Coronavirus leading to closings, other changes in parish
On Wednesday, Louisiana Gov. John Bel Edwards declared a public health emergency in Louisiana, in response to the rapid growth of COVID-19, commonly referred to as the “coronavirus.”
On Friday, the governor said the state had seen 33 presumed positive cases out of the 94 citizens who had been tested. Two cases had been seen in St. Tammany Parish, although none had been yet reported in Washington or Tangipahoa parishes, as of presstime.
Symptoms of COVID-19 can include fever, cough, and shortness of breath or difficulty breathing. The Centers for Disease Control and Prevention (CDC) believes that symptoms may appear in as few as two days or as long as 14 days after exposure.
The virus is believed to spread primarily through person-to-person contact, which is leading to many large-scale events being cancelled or postponed across the nation. It seems to be especially dangerous to the elderly and those who have compromised immune systems.
Most major sports leagues, including the NBA, NHL and MLB, have suspended games. Numerous concerts and conventions have also been cancelled.
Although there were no reported cases in Washington Parish as of presstime, local officials are already taking action.
Parish President Richard Ned Thomas issued a statement late Thursday addressing the COVID-19 situation.
“As updated information is available to Washington Parish concerning the COVID-19, Washington Parish Government along with the Office of Homeland Security and Emergency Preparedness will let the people of Washington Parish know through our Facebook pages and the Washington Parish Government website (www.washingtonparishalerts.org),” the statement read. “There are many senior citizens that reside in Washington Parish. We ask that you check on your neighbors and the senior citizens — make phone calls to those living close to you, and see if there are things they may need.
“Most of all, make sure that you follow the guidelines — know your risk, know your circumstances, protect yourself. Keep calm and wash your hands.”
The state announced Friday that the presidential preference primary scheduled for Saturday, April 4, will now be moved to Saturday, June 20. The city of Bogalusa had a sales tax rededication ballot measure that will also be moved to that new election date.
Schools, nursing homes, hospitals enact changes
On Friday, Edwards signed a proclamation that — among other actions — immediately halts any gathering of more than 250 people until Monday, April 13. It also closes all kindergarten-12 public schools statewide, effective Monday, March 16, and resuming Monday, April 13, as Louisiana seeks to slow the spread of COVID-19 in the state.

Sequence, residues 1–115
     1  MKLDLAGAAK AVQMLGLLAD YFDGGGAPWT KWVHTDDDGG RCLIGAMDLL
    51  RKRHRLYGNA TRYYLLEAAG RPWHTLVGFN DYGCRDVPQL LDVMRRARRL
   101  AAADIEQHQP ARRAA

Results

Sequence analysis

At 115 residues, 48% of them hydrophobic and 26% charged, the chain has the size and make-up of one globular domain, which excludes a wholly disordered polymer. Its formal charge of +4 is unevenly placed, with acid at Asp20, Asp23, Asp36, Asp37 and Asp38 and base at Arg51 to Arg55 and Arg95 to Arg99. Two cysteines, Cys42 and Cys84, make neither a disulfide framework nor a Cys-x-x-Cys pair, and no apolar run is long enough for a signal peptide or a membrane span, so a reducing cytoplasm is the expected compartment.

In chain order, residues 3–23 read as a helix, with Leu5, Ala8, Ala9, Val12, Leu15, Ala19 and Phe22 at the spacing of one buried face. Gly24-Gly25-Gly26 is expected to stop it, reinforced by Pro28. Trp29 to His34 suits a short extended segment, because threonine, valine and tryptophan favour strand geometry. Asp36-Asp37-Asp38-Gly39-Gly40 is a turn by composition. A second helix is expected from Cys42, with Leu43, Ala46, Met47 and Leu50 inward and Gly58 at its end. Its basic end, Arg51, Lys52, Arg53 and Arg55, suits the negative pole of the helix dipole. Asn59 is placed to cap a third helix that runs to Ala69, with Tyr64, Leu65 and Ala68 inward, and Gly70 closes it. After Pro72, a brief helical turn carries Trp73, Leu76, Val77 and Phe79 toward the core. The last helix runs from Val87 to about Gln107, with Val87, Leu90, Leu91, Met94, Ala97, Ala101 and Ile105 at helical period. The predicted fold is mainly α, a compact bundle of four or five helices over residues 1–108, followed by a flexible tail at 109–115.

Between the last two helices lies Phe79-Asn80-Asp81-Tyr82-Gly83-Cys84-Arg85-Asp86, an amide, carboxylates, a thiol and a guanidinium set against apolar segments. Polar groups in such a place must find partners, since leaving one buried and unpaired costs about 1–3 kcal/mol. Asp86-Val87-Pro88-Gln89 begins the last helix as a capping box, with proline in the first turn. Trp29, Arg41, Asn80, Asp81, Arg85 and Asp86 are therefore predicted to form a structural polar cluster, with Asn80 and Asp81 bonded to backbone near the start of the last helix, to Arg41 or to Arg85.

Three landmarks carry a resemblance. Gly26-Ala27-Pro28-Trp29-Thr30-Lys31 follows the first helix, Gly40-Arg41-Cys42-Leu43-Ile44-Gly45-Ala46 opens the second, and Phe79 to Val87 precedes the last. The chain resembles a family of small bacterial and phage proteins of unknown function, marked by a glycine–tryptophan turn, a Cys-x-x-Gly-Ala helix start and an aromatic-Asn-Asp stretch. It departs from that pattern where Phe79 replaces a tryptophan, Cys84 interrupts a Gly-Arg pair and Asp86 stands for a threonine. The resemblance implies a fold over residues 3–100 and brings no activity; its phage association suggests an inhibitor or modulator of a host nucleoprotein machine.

Many universities and colleges across the country have also announced closures in response to COVID-19, asking students to stay off campus and take online classes when available.
Dr. Jim Carlson, vice chancellor of strategic initiatives for Northshore Technical Community College, said classes would be held off campus for some time.
“Classes will be cancelled Monday, March 16, and Tuesday, March 17, as faculty and staff finalize plans for on-line delivery of instruction and alternate training schedules for unique programs of study to be officially launched on Wednesday, March 18,” Carlson said. “For the most up to date information, you should continue to monitor the college’s website at www.northshorecollege.edu.”
Our Lady of the Angels Hospital in Bogalusa announced a change to its visitor guidelines Friday. Visitation of hospital patients is now limited to one visitor (12 years or older) per patient, per day. In addition, there have been screening stations placed at designated entrances.
“Prevention is the key to containment of viruses like COVID-19 and we’re taking additional precautions to help keep our patients and team members safe,” said Dr. G. Daud Noaz, Medical Chief of Staff for Our Lady of the Angels Physician Group.
All visitors entering will be screened, based on CDC guidance. The screening process includes several questions designed to determine whether a visitor may be at risk (such as whether the visitor has symptoms, has recently been in contact with someone with a respiratory illness, or lives in a community with multiple confirmed COVID-19 cases). Any prospective visitor with fever, cough or shortness of breath will not be allowed to visit at all.
Riverside Medical Center in Franklinton has enacted similar visitation restrictions. Patient visitation is now limited to two people per day, and all visitors to the hospital for any reason are to enter and exit through the emergency entrance and sign in.
It is likely that many planned events will be affected in the upcoming days. Shortly before presstime, an “Understanding the Opioid Epidemic” forum scheduled for Bogalusa on April 14 had been cancelled.
Public hygiene tips
State officials encourage Louisianans to take the following proactive steps to protect the health of themselves and those around them:
- Stay home if you are sick.
- Cover your cough.
- Wash your hands frequently and thoroughly with soap and water, or with a hand sanitizer containing at least 60-percent alcohol, if soap and water are not available.
- Disinfect frequently touched surfaces.
- Avoid close contact (within six feet) with those who are sick.
Additional information on COVID-19 can be found on the Louisiana Department of Health’s website at www.ldh.la.gov/coronavirus.
The COVID-19 situation is constantly changing and evolving. For updates, visit The Daily News online at www.bogalusadailynews.com or follow “The Daily News” on Facebook.
On Friday, Gov. John Bel Edwards signed a proclamation that — among other actions — immediately halts any gathering of... read more